Ford Mustang Mach-E: What can Ford's first true electric serve?

Ford Mustang Mach-E: What can Ford's first true electric serve?

After two half-hearted and consequently unsuccessful attempts with the Focus electric, Ford has launched the Mustang Mach-E, its first electric model with which the Americans are really serious. Our practical test shows where the strengths and weaknesses of the E-SUV lie.

But first: Yes, the name. The designation of the vehicle as a Mustang is polarizing. Ford has simply decided to electrify its three strongest global brand names first - the Transit, the F-150 and the Mustang. But because of the global market opportunities, the Mustang is not a coupe in the style of a pony car, but an SUV with some Mustang design borrowings. Some will like it, others will reject it for exactly that reason.

In the end, the decision to buy a car should not be made on the basis of an (unfortunate or ingenious, depending on your point of view) marketing gambit, but, especially in the case of an electric car, should also be made dependent on whether the technical data and functions fit your own mobility needs - and that's what this is all about.

At 4.71 meters, the vehicle initially appears quite bulky, which is also due to the flared wheel arches and the relatively long front hood for an electric car on a pure BEV platform. The hood is also crisscrossed by several beads and edges, which is probably intended to remind us of the classic Mustang with a large V8 engine. Even if a more or less conspicuous Mustang logo is placed on the suggested grille at the front, depending on the paint scheme, the Mustang borrowing is particularly clear at the rear: the taillights, each consisting of three vertical bars, are clearly reminiscent of the namesake.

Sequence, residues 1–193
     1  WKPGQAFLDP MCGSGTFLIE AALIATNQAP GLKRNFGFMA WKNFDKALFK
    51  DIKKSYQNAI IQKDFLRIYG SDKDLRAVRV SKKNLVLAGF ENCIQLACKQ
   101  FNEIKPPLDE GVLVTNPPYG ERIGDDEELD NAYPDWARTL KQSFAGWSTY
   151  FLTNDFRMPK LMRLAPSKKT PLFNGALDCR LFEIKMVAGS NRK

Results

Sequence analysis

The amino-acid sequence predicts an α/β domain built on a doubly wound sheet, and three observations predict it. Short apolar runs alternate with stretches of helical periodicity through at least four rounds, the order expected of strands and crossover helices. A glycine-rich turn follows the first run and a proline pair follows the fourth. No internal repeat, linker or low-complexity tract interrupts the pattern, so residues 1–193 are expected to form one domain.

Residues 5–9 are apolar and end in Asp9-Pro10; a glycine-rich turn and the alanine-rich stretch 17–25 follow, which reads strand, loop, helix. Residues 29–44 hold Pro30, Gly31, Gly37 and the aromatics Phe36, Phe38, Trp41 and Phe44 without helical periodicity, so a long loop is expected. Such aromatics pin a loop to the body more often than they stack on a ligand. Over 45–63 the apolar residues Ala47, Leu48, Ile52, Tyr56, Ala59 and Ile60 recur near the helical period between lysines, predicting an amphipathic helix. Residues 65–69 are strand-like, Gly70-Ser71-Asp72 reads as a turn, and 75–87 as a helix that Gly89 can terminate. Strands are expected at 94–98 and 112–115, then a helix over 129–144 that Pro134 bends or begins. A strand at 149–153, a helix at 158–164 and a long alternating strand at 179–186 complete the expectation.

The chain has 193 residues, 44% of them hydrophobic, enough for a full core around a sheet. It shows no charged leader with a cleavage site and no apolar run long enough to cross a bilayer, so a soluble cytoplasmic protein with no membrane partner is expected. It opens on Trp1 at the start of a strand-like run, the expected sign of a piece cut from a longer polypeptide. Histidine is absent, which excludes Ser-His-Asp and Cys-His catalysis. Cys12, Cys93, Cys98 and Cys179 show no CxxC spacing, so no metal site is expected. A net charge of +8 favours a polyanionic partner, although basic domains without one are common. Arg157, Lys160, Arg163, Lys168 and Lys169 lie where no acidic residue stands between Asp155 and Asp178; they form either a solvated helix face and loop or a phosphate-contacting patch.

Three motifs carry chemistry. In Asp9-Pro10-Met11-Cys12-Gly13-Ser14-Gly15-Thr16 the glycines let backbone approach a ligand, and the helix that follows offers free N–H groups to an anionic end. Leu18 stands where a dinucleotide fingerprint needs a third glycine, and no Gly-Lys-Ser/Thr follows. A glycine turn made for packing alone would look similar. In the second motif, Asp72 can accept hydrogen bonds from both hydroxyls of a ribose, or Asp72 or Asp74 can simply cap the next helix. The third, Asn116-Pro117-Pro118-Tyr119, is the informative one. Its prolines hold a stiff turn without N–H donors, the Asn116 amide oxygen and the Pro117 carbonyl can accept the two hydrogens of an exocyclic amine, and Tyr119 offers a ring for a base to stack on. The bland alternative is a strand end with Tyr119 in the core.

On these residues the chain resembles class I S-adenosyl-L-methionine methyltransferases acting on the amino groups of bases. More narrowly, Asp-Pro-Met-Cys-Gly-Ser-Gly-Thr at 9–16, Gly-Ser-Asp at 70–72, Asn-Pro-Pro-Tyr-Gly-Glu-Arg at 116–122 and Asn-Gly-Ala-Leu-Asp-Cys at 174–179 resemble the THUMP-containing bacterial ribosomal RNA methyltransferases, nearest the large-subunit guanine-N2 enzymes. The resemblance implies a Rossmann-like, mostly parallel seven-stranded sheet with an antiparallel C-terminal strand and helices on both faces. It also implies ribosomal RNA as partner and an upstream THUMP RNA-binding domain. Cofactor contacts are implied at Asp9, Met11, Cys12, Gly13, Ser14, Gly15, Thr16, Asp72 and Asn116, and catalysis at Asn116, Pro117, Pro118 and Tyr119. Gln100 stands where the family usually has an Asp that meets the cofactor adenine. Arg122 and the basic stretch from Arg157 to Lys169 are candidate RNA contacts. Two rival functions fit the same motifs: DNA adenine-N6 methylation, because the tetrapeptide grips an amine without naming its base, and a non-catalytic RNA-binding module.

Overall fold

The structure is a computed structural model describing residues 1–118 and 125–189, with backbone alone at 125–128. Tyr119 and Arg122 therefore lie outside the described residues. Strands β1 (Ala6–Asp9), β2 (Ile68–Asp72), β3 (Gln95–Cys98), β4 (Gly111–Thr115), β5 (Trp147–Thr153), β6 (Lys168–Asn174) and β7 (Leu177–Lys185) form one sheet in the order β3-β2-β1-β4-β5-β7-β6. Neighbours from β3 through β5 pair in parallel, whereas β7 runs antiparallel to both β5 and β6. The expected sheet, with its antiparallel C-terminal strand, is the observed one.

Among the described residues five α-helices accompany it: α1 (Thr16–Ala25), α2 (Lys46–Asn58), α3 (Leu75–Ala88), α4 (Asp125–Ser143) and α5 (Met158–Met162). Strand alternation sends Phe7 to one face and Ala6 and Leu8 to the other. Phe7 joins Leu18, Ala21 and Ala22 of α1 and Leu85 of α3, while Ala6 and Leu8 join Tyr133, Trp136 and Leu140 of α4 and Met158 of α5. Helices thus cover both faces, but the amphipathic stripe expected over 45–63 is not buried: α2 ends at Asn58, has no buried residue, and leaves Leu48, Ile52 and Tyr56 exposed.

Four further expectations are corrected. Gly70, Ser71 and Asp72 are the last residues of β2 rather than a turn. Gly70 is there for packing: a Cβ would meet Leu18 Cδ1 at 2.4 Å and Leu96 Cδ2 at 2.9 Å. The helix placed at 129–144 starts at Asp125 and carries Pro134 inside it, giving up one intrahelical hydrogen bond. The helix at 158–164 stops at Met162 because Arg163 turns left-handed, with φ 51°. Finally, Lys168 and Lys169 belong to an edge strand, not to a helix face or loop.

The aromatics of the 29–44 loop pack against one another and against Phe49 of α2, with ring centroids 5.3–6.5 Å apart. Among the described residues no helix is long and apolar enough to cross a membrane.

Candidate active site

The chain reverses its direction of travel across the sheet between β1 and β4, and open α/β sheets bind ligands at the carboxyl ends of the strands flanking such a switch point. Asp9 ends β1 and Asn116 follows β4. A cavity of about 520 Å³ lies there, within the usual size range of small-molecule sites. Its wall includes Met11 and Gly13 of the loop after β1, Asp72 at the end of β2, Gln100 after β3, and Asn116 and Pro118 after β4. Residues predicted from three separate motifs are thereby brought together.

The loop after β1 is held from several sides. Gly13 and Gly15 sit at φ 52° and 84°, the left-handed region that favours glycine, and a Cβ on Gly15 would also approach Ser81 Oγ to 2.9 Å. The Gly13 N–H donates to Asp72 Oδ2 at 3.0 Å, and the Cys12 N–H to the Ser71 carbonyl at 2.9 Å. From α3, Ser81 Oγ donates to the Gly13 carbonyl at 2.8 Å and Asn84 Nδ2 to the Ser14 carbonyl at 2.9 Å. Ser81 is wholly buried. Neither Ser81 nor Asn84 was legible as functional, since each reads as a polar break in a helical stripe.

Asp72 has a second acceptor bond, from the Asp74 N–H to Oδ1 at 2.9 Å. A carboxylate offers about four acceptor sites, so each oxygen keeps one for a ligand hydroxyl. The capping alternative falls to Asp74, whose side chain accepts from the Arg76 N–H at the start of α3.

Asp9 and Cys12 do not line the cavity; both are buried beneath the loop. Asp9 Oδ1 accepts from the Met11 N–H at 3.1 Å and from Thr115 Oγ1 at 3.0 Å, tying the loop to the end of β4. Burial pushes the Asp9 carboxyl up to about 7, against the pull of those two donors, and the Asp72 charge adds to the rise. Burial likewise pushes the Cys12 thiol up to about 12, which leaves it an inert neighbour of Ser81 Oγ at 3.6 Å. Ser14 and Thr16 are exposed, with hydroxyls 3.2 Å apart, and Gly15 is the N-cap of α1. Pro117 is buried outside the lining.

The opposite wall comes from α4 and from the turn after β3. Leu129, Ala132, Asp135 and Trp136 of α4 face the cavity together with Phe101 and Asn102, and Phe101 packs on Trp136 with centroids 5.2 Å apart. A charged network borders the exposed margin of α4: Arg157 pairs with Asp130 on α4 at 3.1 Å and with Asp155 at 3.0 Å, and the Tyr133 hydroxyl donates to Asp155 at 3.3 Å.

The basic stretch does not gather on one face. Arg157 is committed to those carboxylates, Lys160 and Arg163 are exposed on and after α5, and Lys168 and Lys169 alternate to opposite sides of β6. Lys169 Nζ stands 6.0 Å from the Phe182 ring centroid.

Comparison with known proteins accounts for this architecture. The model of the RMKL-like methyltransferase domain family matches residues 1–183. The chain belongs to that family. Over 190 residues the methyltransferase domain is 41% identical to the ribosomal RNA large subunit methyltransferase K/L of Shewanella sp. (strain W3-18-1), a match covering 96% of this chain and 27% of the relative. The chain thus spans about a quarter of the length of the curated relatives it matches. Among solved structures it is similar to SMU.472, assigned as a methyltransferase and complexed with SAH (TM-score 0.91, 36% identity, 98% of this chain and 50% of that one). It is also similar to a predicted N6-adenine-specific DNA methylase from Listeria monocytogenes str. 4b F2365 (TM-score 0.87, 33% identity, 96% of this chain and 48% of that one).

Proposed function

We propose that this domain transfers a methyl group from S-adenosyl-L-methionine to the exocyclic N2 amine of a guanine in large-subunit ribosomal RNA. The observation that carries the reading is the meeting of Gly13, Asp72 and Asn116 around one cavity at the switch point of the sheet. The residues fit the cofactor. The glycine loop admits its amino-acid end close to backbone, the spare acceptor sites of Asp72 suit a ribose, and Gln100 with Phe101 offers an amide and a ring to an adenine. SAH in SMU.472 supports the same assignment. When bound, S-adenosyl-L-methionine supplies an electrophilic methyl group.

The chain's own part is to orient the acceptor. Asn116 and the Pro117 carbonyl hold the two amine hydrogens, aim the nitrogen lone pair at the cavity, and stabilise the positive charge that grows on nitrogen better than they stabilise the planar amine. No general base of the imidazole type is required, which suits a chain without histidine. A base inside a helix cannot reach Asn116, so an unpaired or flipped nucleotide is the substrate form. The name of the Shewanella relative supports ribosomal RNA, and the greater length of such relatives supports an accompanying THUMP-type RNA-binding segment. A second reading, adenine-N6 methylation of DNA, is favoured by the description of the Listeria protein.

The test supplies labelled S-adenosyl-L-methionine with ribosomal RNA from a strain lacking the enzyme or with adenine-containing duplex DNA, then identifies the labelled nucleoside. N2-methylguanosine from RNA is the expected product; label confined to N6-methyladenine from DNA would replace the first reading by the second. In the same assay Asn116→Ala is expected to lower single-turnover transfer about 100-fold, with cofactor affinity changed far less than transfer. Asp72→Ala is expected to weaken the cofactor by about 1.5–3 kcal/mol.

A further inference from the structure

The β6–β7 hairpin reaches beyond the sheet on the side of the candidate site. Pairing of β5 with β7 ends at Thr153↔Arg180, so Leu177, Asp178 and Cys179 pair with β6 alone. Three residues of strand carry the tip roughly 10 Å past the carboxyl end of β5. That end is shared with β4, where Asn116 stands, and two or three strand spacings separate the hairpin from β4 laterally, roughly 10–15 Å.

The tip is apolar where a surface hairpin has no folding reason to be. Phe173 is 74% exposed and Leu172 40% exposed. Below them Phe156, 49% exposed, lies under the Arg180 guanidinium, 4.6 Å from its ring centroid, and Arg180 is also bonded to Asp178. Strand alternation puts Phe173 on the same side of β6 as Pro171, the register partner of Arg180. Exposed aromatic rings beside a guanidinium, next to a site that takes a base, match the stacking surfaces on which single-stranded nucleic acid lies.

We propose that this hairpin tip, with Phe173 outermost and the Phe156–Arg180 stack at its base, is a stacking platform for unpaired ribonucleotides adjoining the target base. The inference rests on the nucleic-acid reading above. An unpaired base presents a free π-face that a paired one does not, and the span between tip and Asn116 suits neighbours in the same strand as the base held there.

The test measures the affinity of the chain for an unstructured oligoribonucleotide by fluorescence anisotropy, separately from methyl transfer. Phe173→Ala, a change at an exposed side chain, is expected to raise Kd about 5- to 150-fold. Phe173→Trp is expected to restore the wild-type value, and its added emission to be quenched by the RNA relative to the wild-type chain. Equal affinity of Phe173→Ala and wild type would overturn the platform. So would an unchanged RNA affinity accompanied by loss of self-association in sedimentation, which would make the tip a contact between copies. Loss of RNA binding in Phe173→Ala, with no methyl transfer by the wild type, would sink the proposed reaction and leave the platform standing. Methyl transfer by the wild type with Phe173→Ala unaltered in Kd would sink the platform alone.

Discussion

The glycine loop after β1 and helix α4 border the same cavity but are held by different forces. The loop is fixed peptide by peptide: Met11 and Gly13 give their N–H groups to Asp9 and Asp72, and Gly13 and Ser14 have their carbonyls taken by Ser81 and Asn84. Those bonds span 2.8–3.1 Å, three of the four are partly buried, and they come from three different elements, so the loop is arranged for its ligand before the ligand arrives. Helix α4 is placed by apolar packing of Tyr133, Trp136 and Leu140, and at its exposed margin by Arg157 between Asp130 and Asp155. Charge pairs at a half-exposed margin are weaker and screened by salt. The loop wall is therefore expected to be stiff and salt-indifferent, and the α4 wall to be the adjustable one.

For our test Ford has provided a Mustang Mach-E 4 X in "Dark-Matter Grey" metallic - thus the top model with all-wheel drive and large "Extended Range" battery. As is generally known, Ford offers five variants in Europe: The small battery ("Standard Range") and the large battery are each available with rear- and all-wheel drive, plus the more powerful GT, which also uses the large battery.

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In the case of our test car, this means a 99 kWh battery, of which 88 kWh can be used. The cells come from LG Energy Solution in Poland (the same plant that supplies Audi and Mercedes, among others), but the vehicle is built in Mexico. Despite an output of 258 kW and a torque of 580 Nm, up to 540 kilometres should be possible in the combined cycle according to the WLTP standard. All versions of the Mustang Mach-E drive at a maximum speed of 180 km/h, the test car can accelerate to 100 km/h in 5.8 seconds according to the data sheet. With 7.0 seconds, the slowest version (large battery, rear-wheel drive) is not much faster - but the WLTP range here is up to 610 kilometres.

With its drive, the Mustang Mach-E was able to convince in our two-week practical test with two exceptions. The power delivery is smooth or very snappy depending on the selected driving mode, but always remains well controllable. A small, depending on the view of the Mustang complex nice detail: The driver does not choose here between Eco, Comfort and Sport, but drives a "tame", "active" or "spirited" Mustang - the function is of course the same whether Sport or "spirited" is on the display. But: Via the app, the user can configure in which driving mode the car should start by default - so it does not have to be selected every time you start driving.